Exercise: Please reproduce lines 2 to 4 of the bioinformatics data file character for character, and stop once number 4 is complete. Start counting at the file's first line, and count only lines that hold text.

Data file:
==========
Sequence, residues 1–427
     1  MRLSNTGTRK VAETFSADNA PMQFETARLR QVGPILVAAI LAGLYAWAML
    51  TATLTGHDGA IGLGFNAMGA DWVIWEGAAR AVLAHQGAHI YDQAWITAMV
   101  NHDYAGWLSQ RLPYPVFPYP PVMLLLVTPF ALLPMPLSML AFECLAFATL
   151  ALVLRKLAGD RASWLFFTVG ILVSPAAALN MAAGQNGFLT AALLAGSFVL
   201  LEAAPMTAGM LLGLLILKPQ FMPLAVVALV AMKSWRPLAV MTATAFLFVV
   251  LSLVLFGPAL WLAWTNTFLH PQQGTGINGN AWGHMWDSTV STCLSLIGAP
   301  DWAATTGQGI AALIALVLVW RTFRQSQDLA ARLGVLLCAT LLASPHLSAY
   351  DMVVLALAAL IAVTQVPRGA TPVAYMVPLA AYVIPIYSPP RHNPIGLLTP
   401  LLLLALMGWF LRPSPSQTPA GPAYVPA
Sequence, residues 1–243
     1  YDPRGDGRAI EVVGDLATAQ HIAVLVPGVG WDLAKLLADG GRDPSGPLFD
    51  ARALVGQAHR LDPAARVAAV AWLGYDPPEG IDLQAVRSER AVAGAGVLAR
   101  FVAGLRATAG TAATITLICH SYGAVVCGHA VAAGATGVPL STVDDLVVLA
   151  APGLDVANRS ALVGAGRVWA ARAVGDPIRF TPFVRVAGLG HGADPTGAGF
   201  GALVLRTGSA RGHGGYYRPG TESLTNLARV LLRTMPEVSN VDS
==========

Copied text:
     1  MRLSNTGTRK VAETFSADNA PMQFETARLR QVGPILVAAI LAGLYAWAML
    51  TATLTGHDGA IGLGFNAMGA DWVIWEGAAR AVLAHQGAHI YDQAWITAMV
   101  NHDYAGWLSQ RLPYPVFPYP PVMLLLVTPF ALLPMPLSML AFECLAFATL